Day trading involves sticking with stocks for the shortest period of time possible to make as many small profits as possible. Day trading often carries a stigma of wild gamblers or genius big shots playing or manipulating a system to make millions, but this usually isn’t the reality of this profession.
In reality the day trader is someone who knows how to make a consistent trading plan that has proved itself and he or she knows how to stick with it. Most day traders prefer highly volatile systems like the options and futures markets, but there is plenty of room in the realm of day trading penny stocks. Here are some reasons you should or shouldn’t day trade penny stocks.
The largest disadvantage of day trading is the extreme focus it requires. The majority of investors are more accustom to making investing decisions in weeks or even days. Those who are really mentally strong will make these decisions in hours. The day trader has to make good decisions every couple of minutes. Often that decision is simply to take no action, but they don’t get the luxury of saying I won’t do anything now, I’ll look at it again on Tuesday. The information you use to make a decision in one moment will likely change in the next moment. As long as you are invested you need to be focused on the information.
The next major disadvantage is the psychological strain on the day trader. When you’re an average investor you are simply buying and holding a collection of stocks. On the whole the stock market generally climbs and 99% of buy and holders do make money over their careers. Also, you’ll be winning the majority of years, just not very much. Most day traders only see a 50% to 60% success rate. That means almost every other trade you make is a losing proposition. The key to winning is managing your losses quickly so you have money to hit your bigger wins. These repeated losses can be very difficult when you need to make enough money to pay the rent.
Another barrier to day trading penny stocks is the financial barrier to entry. The SEC won’t allow anyone to day trade who has less than $25,000. You can probably legally get away with day trading on the pink sheets, or OTC market, where the risk is even higher. However, the money management aspect just screams to stay away from day trading until you have enough money to minimize the impact of commissions without risking more than 2% on any trade.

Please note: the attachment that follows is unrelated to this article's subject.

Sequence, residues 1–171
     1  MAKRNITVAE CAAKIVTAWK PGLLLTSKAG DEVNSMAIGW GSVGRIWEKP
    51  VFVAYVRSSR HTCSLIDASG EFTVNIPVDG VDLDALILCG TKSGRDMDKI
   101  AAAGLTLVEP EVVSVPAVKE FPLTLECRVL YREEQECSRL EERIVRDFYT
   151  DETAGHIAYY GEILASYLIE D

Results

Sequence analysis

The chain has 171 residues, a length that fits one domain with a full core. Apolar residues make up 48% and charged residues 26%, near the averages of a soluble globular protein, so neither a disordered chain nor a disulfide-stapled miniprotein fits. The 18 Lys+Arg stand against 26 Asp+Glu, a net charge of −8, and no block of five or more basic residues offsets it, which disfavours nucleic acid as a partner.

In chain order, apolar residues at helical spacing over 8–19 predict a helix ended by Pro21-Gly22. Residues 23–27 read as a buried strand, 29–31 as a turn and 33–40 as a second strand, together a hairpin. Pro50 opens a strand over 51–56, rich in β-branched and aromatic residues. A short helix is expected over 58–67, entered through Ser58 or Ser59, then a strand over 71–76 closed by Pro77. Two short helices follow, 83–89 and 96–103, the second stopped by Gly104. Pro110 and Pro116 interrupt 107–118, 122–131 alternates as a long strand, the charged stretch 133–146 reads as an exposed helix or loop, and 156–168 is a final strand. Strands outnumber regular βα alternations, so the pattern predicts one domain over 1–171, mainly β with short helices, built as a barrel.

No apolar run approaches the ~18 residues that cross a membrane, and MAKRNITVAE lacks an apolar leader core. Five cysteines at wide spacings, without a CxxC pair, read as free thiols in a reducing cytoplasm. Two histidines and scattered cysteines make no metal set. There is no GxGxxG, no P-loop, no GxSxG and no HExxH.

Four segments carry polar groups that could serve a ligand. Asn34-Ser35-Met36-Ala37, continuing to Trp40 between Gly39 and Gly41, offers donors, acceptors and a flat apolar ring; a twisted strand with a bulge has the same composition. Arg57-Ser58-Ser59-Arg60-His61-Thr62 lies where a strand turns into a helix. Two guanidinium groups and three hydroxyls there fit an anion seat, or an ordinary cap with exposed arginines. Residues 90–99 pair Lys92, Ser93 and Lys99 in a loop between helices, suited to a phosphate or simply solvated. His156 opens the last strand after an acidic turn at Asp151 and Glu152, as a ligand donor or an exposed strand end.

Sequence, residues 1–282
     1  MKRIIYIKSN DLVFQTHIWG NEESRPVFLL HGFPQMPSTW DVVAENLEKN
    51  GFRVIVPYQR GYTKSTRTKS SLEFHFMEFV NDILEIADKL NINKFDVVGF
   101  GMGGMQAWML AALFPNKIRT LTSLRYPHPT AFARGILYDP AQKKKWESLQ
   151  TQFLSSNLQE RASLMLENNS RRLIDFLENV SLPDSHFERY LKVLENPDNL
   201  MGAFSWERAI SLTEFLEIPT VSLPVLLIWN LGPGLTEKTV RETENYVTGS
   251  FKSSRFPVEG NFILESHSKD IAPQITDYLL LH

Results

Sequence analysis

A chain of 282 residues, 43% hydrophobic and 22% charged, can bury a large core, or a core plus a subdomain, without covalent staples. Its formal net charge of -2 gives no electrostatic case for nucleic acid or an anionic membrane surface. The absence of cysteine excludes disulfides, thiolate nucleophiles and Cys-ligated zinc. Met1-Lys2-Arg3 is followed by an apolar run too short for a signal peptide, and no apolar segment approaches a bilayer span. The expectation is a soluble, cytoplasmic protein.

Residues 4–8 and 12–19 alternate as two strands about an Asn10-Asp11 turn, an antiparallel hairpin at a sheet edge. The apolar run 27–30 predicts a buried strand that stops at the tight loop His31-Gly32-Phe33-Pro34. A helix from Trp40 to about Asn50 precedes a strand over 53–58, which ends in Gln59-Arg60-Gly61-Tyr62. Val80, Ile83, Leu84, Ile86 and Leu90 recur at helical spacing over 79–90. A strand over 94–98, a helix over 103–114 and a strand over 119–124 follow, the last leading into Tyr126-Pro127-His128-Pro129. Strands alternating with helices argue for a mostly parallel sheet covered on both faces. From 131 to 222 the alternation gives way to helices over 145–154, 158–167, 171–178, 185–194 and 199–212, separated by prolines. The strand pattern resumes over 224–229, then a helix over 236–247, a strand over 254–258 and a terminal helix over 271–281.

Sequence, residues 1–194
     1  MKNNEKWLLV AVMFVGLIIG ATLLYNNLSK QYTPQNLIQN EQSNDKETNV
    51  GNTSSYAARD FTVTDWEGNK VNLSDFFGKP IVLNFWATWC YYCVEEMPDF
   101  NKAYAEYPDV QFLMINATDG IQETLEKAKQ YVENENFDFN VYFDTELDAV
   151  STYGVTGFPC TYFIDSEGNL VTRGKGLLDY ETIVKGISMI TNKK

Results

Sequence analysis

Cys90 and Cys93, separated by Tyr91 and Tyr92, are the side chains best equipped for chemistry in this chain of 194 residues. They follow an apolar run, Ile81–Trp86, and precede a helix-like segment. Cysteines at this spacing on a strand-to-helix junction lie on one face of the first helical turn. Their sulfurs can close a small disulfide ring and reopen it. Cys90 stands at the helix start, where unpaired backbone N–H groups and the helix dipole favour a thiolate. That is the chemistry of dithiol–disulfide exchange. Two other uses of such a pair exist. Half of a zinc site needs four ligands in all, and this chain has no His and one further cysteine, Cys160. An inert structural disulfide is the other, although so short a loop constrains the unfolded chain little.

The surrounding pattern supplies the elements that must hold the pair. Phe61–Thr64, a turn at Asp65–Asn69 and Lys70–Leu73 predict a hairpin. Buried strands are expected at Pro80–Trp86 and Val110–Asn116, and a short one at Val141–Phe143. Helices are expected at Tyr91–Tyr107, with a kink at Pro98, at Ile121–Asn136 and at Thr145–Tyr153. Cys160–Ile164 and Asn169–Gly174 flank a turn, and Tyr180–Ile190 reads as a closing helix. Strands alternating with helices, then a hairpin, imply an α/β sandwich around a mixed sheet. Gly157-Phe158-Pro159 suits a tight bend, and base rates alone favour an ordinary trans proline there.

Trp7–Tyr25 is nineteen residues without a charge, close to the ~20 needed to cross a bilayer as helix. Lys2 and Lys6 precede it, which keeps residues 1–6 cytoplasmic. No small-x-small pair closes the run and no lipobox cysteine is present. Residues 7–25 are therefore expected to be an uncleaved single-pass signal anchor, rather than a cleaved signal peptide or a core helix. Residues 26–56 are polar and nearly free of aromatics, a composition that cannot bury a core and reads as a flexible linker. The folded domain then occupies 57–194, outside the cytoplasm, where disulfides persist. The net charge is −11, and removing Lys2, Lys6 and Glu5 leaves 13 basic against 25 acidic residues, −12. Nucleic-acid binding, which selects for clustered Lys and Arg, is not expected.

The main advantage to day trading is that you remove the risk of time. When you are only invested for short periods of time the impact of surprise reports, news, new companies, bad economies, and tax rule changes is all mitigated. As soon as any of these events happen you just adjust your trading strategy and continue on your merry way.
Once you have enough money to trade with the returns can be very lucrative and they can scale well, at least to a point. Obviously if you become too wealthy (if that’s possible) you can have difficulty moving too many shares of a penny stock. This issue is minimized by the fact that almost all day traders use trading as their sole source of income. Since you are pulling money out every month to make your bills, the growth of your investing account will be slowed.
Another advantage is that brokers cannot double charge you for trades that happen in the same day. So if you only get a partially filled order you can simply adjust your price to get out of the rest of the order. Normal investors never notice until the next day or later so they have to eat another commission to sell the rest of the stock._____________________________________